Oil Rises Most in a Week as U.S. Crude Surplus Seen Easing
(Bloomberg) — Oil advanced the most in a week as a drop in U.S. crude stockpiles bolstered speculation that the country’s surplus is easing.
Futures climbed as much as 2.4 percent in New York to the highest in four days. Crude inventories shrank by 2.9 million barrels in the week ended June 12, the industry-funded American Petroleum Institute was said to have reported. Supplies fell for a seventh week, a Bloomberg survey showed before Energy Information Administration data Wednesday.
Crude is trading near its highest closing price in six months as declining U.S. stockpiles and a slowdown in drilling countered data showing that producers elsewhere are pumping more. U.S. production will peak at a 43-year high this year before trailing off in the second half, the EIA said last week. OPEC decided to maintain its output ceiling when it met this month in Vienna.
“Growth in U.S. oil production is slowing and in some places reversing, adjusting to lower oil prices,” Jens Pedersen, a Copenhagen-based commodities analyst at Danske Bank A/S, said by e-mail. “OPEC’s strategy of preserving market share at the expense of non-OPEC producers looks to be working.”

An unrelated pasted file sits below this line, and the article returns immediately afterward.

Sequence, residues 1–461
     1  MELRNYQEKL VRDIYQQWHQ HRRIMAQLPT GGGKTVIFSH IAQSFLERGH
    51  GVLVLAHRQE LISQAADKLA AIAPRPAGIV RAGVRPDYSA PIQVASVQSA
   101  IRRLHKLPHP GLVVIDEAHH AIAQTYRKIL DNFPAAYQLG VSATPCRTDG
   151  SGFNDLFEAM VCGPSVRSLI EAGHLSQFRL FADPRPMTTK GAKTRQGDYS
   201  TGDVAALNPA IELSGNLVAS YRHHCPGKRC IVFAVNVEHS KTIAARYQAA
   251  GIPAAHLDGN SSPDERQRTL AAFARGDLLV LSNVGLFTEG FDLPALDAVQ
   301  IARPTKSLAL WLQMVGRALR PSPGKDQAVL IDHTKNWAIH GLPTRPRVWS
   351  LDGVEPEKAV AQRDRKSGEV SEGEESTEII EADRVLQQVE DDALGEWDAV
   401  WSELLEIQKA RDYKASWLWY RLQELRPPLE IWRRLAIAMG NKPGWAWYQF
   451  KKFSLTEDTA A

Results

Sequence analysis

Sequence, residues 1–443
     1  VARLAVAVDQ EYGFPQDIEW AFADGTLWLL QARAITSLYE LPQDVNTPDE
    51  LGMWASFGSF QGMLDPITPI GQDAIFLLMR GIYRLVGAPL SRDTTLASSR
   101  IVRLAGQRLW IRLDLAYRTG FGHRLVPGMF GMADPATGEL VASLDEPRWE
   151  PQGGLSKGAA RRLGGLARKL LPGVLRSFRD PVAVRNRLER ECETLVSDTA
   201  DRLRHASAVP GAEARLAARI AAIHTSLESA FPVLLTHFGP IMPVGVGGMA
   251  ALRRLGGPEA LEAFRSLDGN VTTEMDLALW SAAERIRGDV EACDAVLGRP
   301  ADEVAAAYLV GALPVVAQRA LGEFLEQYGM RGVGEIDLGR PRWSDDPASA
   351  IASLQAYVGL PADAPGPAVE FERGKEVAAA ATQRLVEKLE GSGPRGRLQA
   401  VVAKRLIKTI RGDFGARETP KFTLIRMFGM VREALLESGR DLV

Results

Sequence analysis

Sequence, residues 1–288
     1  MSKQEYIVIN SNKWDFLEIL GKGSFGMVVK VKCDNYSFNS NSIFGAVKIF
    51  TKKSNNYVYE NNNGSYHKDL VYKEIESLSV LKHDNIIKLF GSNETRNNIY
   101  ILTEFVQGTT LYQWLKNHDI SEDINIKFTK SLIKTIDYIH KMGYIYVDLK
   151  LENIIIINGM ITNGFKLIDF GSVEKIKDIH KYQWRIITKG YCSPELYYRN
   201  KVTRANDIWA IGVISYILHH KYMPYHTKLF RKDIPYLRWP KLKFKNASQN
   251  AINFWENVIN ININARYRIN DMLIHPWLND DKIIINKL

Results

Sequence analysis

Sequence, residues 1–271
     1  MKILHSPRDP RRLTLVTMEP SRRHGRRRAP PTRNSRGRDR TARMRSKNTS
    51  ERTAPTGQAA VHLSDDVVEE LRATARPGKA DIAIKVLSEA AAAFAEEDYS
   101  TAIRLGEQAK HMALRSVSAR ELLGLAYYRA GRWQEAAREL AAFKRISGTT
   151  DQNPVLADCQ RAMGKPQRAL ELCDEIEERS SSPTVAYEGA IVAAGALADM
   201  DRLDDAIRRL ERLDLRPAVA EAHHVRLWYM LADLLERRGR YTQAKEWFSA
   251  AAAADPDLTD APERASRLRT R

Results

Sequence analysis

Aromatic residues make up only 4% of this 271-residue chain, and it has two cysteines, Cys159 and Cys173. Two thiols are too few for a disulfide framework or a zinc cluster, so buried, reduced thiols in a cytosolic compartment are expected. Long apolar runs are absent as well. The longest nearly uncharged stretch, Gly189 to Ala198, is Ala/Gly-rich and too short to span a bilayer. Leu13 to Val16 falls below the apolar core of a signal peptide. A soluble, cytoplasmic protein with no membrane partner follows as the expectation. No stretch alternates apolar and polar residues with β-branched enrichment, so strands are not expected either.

West Texas Intermediate for July delivery rose as much as $1.41 to $61.38 a barrel in electronic trading on the New York Mercantile Exchange, the biggest gain since June 10. Prices settled that day at $61.43, the highest level since Dec. 9. Total volume was about 10 percent above the 100-day average for the time of day. Prices have increased 15 percent this year.
Brent for August settlement gained $1.46 to $65.16 a barrel on the London-based ICE Futures Europe exchange. The European benchmark crude traded at a premium of $3.53 to WTI for the same month.
Crude inventories in the U.S., the world’s biggest oil consumer, probably dropped by 1.8 million barrels last week, according to a Bloomberg survey before the EIA data. Supplies were at 470.6 million through June 5, more than 90 million above the five-year average for this time of the year, data from the Energy Department’s statistical arm show.
“It seems the market is content to hold at these levels as long as the inventory numbers get chipped away,” Ric Spooner, a chief analyst at CMC Markets in Sydney, said by phone. “The market has rallied on the basis that we’re going to see a production cut, but it hasn’t be forthcoming yet.”
Stockpiles at Cushing, Oklahoma, the delivery point for WTI contracts and the largest U.S. oil-storage hub, expanded by 329,000 barrels last week, the API in Washington reported Tuesday, according to a person familiar with the figures.
The Organization of Petroleum Exporting Countries, whose 12 members supply about 40 percent of the world’s oil, maintained its output quota of 30 million barrels a day at a June 5 meeting as it sought to defend market share against higher-cost producers. The group has exceeded its target the past year, data compiled by Bloomberg showed.
Source: Energy Now Media